Our friends in the Yesterday Forever lobby continue to spin the estate tax as a “death tax”, as though the departed fill out tax returns from their graves, and as though a death tax – even if it were one — would be worse than the alternatives,which are life taxes. In truth of course, the estate tax is exactly what the name says – a tax on the estates that the wealthiest people pass along to their heirs. The departed don’t bear the tax; the heirs do. Which means it’s really a tax on trust fund babies, as opposed to people who work for a living.
If this strikes you as a bad idea, then you might consider the case of Anna Nicole Smith. Ms. Smith, who usually is described as a “former Playboy Playmate,” entered celebrityhood for a surgically-enhanced physiognomy, a marriage to an oil-rich octogenarian, and a proclivity – it was not quite a talent – for garish self-presentation. She died last week in her hotel room in Florida under circumstances that are still under investigation. It does not seem likely that the estate tax did her in, the Yesterday Forever lobby notwithstanding. It is conceivable however that a higher tax could have saved her.
Smith’s brief hour on the public stage was a bit like a tawdry sequel to Great Expectations. Inheritance – more precisely the expectation of it – was the central theme. First there was the marriage to J. Howard Marshall II, whose Texas oil fortune ran close to half a billion dollars. I do not doubt the sincerity of Smith’s devotion to this eighty-nine year old man, nor its depth. This was apparent to all when she appeared in black, the mourning widow, after Marshall departed a year later.
It must be said, however, that her subsequent pursuit of Marshall’s estate – a pursuit that went all the way to the Supreme Court and has lasted ten years and running – was at least as passionate as her embrace of the man himself. Then, more recently, came the strange death of Smith’s 20-year-old son by an early marriage, in a hospital room in the Bahamas days after she gave birth to a daughter. The son was Smith’s presumed heir. There soon erupted a paternity battle over that new daughter; not Smith trying to nab the inseminator, but the other way around.
First in line was Smith’s lawyer, companion, and (he claims) fiancé, a man with the tabloid-ready name of Howard K. Stern. Stern allegedly gave methadone to Smith’s son not long before he died. He left Smith herself in the Florida hotel room with a 105 degree fever, two hours before she died. Stern also had drafted the will that left everything to new daughter Dannielynn, on whose birth certificate he appears as father. Authorities in the Bahamas have questioned him.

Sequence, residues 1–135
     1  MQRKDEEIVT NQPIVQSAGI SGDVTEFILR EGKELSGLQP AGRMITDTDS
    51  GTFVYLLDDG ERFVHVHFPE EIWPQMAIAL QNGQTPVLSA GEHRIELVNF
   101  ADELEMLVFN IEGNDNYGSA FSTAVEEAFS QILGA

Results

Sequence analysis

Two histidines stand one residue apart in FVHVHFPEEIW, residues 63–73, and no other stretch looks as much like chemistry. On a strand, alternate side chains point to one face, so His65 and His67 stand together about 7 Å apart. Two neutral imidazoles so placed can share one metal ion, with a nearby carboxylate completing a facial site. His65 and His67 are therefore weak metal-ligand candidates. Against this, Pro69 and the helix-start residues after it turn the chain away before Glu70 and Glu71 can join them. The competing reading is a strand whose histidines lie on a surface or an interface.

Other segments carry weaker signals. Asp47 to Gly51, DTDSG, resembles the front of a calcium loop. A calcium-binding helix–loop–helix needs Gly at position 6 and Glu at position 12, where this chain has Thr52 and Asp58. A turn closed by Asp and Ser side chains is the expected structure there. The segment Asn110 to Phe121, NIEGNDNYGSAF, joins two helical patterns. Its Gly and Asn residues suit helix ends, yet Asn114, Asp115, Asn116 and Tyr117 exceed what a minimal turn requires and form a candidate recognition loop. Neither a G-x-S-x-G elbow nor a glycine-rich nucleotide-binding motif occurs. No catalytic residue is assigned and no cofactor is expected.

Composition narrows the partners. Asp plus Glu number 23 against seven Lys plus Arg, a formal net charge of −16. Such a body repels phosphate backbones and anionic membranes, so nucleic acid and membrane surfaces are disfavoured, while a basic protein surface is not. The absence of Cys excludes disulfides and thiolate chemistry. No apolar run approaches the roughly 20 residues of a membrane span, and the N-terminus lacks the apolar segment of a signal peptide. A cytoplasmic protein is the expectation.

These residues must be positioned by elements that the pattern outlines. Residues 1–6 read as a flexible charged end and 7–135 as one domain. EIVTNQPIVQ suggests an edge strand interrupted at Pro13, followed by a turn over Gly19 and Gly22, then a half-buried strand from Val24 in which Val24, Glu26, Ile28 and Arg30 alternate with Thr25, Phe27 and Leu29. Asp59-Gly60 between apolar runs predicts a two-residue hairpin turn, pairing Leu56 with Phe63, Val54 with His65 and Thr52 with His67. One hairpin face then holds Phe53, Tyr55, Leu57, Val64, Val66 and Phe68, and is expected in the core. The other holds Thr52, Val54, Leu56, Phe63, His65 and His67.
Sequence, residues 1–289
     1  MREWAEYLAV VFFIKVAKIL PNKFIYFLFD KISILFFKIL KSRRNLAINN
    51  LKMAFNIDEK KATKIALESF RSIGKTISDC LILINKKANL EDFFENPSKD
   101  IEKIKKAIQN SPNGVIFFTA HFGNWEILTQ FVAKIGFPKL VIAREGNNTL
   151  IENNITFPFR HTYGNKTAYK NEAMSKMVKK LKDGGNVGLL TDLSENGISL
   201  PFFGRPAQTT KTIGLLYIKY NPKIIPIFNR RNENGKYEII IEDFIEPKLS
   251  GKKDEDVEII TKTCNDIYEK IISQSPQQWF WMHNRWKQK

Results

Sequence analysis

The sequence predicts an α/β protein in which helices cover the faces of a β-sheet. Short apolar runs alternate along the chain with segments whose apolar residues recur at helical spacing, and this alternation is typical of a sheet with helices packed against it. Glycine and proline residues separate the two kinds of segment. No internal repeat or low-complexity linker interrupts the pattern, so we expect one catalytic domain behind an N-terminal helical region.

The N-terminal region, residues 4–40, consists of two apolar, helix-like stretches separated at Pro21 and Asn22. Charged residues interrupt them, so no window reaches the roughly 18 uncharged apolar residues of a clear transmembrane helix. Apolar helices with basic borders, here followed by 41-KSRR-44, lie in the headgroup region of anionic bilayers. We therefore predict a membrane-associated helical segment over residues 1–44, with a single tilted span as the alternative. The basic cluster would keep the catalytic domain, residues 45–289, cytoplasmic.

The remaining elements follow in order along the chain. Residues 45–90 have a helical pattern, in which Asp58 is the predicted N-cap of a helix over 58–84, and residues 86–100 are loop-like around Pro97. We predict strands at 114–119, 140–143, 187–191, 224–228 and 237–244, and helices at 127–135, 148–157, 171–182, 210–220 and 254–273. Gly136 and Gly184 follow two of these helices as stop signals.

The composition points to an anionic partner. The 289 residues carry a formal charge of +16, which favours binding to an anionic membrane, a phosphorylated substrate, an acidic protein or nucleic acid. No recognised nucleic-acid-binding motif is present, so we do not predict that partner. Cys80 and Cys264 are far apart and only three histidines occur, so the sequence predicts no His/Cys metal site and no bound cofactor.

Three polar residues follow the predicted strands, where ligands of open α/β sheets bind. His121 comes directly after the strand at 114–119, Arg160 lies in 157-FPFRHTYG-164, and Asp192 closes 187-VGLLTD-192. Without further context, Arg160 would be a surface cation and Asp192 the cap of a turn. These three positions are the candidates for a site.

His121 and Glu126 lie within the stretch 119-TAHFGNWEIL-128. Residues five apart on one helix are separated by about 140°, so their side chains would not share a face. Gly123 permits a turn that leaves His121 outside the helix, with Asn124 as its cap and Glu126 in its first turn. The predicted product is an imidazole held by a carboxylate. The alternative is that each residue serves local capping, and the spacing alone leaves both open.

Then a former boyfriend by the name of Larry Birkhead appeared and said no, he was the father. Smith had left him, he said, because he had urged the former Playmate to cut back on the substances; and because attorney Stern was whispering in her ear. As if this plot was not thick enough already, there then appeared one Frederic von Anhalt – that’s Prince Frederic von Anhalt — who said that no, he was the one. Prince Frederic is the husband of Zsa Zsa Gabor, who must be 39 by now, the same age Smith was at her death.
It doesn’t stop there. Smith’s mother has appeared to contest custody of the infant. A media outlet got hold of photographs showing Smith cavorting (clothed) on a bed with the Bahamanian Minister of Immigration. (It appears that Smith’s application for permanent residence got fast-track treatment.) Washington is not the only place in which satire has been eclipsed by events.
Nor is this the only family – if that’s the word – that has turned into a lurid drama at the prospect of a large inheritance. Few things can cause so much bad blood within a family, and false and devious relations. Questions of justice aside, you could make a case that the pro-family position would be the one that gave family members less to fight over – that is, an increased estate tax at the upper levels. Then the siblings, step-siblings, second and third spouses, paramours et al could be angry together at the government, and therefore bonded together by a common enemy.
But the justice issue still does loom, and Anna Nicole Smith’s prospective fortune is a case study in this as well. The fortune that she hoped would be hers – the J. Howard Marshall II estate – came from oil. Mr. Marshall did not create that oil; he simply gained legal title to something that was in the ground already. That legal title did not produce anything in and of itself. It simply made him the recipient of a stream of unearned income.
This is not like income people work for; or even like income that investment in a new enterprise helps to generate. If anything must be taxed, is not this the thing? Given that the oil is depleting, and that the use of it befouls the common nest, the case becomes more compelling still, not least when the recipients in question contributed nothing other than to be named in a will.
Consider too what made the oil so valuable, such as the vast public investment in highways, and the educations of the engineers who design the cars that drive on them? This applies not just to oil but to all monetary wealth. Those who have it are islands only in their Ayn Rand fantasies. We all build on the efforts of one another, which is why we all have an obligation to give something back.
It is hard to see how this requirement – which as of this writing still exists – was a great hardship or impediment to Anna Nicole Smith. It is even harder to understand why President Bush and his cohorts have made such people – sweet and worthy as she herself may have been – the first objects of their solicitude. If they really cared wouldn’t they increase the tax, and give gold diggers less to fight about?